Dear Art and Science of Economics,
For a long time I have been feeling uncomfortable. It could be me, not you. However, please understand that I have my reasons.
My decision to include you in my studies originated in a myriad of questions that I considered to be questions you can help me to pursue. I asked myself about poverty, the future of labour, food, trade and climate change. However, after three years of study I need to accept that something is missing in our relationship: You simply do not take them into account. And I have the impression that in a state of normal science, this won’t change.
This letter should explain what let me realize this and what I will try (still in progress, for part ii) to get over you – while keeping my character focussed on my questions. This story should also constitute a warning for others to not get involved with someone like you.
Several weeks ago, some members of the Arbeitskreis Plurale Ökonomik Bayreuth (AK) tried to talk to their economics professors of the University of Bayreuth (UBT). Admittedly, it has been an extremely dissatisfying experience.
Flashback: What in Bayreuth once started as some phenomenological worry of undergraduate students, trying to find help in self-organised circular lectures and plenary sessions, has found its (preliminary) culmination point in the International Student Initiative for Pluralism. Yes, students around the globe share the sceptical doubts about the method and ethical implications of economics. They criticize the disciplinary monism which constitutes an increasing part of thinking in our western culture and goes on to endanger the variety of other (scientific) cultures; see the article on the ISIPE movement.
Asking our nine professors of economics for their personal opinion on the ISIPE Open Letter has been, already in its early moments, an odd thing: They objected to the idea of talking to them person-to-person, e.g., during their office hours. Before that, they had two internal meetings to handle our request and selected three – lets call them – delegate professors. Without any statement of reasons we were then asked how many members of the AK would participate in a round-table; it was not desired that we talk to them privately. I can only guess what internal debate caused this closed-shop reaction.
Once in the round-table, they did not hesitate to haul off directly: They cannot understand that we, as students of the UBT, have appended our signatories under the Open Letter. No good PR, isn’t it? It would merely be the case that the UBT stands out as a positive example of research and training in a pluralistic fashion: Interdisciplinary programs and courses in Behavioural, Experimental and New Institutional Economics – and (!) courses organised by the AK (e.g. on Money and Finance, Evolutionary Economics and the Anthropology of Economics) would make the accusation of merely unreflecting, unhistorical monism in Bayreuth untenable. Surprisingly, one of the professors added in soft voice that the well-covered criticism is grounded in envy, simply due to… success: Economics constitutes the most successful social science, with regard to its young age – I will not raise a historically informed debate about the origins of economics here – and its predictive power. Another professor adds that its not only predictive power that counts but merely the gain of insights when applying the (unificatory) economic method in fields such as development, law, politics, marriage etc. In addition to that, the application of that method in disciplines such as political science (“they do not even have a method”) would even help to create a productive, competitive environment in these areas. Unrealisticness and missing life-experience does not constitute a valid point of criticism; economists apply, that is what they do.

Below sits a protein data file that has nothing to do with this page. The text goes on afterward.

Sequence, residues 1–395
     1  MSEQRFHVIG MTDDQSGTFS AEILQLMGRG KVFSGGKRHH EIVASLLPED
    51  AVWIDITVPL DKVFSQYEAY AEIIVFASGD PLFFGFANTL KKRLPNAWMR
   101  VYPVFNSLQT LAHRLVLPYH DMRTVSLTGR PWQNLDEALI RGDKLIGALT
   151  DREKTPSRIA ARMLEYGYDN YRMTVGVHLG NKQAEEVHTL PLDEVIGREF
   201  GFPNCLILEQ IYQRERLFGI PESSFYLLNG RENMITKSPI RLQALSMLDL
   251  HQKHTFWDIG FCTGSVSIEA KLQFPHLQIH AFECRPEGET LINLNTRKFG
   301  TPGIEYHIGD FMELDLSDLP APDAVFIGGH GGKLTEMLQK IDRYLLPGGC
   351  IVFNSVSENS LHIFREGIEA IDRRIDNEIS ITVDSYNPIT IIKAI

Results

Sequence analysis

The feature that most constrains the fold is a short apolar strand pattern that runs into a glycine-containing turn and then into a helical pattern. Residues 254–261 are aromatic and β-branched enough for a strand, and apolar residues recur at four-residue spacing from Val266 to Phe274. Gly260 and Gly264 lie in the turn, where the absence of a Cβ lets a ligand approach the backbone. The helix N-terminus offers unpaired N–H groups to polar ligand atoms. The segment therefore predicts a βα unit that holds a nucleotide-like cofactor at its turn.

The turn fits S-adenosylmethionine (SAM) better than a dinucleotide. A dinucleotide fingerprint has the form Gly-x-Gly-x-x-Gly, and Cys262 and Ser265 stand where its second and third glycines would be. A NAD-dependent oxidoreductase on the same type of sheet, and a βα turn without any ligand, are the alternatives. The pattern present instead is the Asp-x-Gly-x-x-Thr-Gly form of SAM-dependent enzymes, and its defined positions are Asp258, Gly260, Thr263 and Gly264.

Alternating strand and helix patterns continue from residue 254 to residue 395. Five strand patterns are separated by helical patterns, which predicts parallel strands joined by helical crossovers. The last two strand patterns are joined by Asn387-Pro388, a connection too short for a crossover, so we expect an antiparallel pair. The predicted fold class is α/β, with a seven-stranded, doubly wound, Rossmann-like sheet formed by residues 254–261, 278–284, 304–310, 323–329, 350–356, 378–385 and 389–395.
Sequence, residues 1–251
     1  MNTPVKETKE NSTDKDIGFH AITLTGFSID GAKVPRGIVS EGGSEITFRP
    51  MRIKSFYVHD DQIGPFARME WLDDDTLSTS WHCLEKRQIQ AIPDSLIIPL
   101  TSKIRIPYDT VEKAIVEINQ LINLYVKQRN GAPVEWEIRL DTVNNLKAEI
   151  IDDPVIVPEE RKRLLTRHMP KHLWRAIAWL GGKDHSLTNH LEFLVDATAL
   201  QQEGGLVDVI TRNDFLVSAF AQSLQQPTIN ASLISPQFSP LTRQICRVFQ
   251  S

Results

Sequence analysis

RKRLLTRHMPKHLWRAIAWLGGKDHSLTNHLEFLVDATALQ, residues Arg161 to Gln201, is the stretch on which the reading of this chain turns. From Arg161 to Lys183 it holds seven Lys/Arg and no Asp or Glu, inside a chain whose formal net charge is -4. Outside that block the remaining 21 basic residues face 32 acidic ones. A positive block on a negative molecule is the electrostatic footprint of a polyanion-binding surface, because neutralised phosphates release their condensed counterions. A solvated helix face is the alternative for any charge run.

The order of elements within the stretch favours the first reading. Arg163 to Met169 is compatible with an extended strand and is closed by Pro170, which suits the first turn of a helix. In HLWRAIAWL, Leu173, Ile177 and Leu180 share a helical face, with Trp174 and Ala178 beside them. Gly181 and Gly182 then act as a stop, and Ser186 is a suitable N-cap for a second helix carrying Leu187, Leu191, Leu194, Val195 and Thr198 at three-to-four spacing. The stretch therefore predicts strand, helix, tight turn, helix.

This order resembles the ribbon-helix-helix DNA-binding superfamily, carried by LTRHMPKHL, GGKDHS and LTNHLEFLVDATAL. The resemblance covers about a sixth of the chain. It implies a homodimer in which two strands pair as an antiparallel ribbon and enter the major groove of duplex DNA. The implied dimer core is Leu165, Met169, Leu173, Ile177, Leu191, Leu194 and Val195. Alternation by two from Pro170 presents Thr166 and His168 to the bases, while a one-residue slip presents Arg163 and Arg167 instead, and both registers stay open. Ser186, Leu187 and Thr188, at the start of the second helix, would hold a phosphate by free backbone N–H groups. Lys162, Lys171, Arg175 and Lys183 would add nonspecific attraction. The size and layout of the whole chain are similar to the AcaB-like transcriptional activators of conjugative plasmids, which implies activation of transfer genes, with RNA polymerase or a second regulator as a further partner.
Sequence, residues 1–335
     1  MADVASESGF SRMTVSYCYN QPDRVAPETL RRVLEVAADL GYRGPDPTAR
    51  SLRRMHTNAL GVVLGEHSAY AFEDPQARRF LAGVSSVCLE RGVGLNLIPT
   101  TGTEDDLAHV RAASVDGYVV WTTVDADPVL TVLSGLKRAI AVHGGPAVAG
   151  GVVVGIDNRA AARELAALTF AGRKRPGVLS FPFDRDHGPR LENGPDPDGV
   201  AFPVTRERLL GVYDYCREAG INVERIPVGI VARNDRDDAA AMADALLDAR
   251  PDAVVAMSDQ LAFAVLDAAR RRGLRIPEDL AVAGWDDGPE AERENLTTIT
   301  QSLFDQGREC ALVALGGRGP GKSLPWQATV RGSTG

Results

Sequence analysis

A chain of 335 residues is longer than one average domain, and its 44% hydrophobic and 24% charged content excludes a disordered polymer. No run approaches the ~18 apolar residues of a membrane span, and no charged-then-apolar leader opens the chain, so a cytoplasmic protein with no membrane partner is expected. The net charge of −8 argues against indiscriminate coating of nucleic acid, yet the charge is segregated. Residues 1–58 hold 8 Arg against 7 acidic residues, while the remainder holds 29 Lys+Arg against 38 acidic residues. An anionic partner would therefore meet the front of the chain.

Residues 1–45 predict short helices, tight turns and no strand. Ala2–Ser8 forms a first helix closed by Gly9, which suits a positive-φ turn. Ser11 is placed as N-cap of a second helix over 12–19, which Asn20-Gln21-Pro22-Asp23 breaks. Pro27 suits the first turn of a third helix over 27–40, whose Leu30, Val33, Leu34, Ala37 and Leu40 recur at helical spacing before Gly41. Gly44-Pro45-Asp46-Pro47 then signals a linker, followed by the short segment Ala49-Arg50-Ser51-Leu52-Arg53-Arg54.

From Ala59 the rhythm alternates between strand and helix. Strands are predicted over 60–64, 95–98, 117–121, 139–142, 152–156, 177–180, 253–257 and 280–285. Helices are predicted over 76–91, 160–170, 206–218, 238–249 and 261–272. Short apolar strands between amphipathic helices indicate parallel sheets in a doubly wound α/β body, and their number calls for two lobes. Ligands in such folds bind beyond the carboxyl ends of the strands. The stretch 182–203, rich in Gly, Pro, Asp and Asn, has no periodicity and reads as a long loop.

They think in “falling demand curves”, “incentives” and “constraint maximization calculus”. They accused us of the categorical mistake (?) of mixing up “Ökonomik” (economics) with “Wirtschaftswissenschaften” (economics, literally to be translated as “economy studies”?). According to them, economics is defined by its method, not by some subject area, even less by the questions of some undergraduate students: Our ethical worries, e.g. with regard to the economic penetration of our life-world and the life of others, e.g. in Greece, form part of the “discipline” of Ethics. And Ethics has by definition nothing to do with Economics (what would Aristotle or Aquinas say?). Economist simply apply, others are responsible. Entre nous, you never heard of responsibility science?
But seriously, we have simply chosen the wrong discipline of study and, on top of that, do not understand what economics means.
It will not commit the mistake of extending the position of those honourable men to all economists. I have thought that you, economics, can be thought differently, especially (in my early days) in Bayreuth: With regard to its roots, its historical development over the last, say 150 years, with regard to epistemology, global problems and ethical implications. I still think one can – but within a discipline of economics as I experience it in Bayreuth, there is not enough room to think.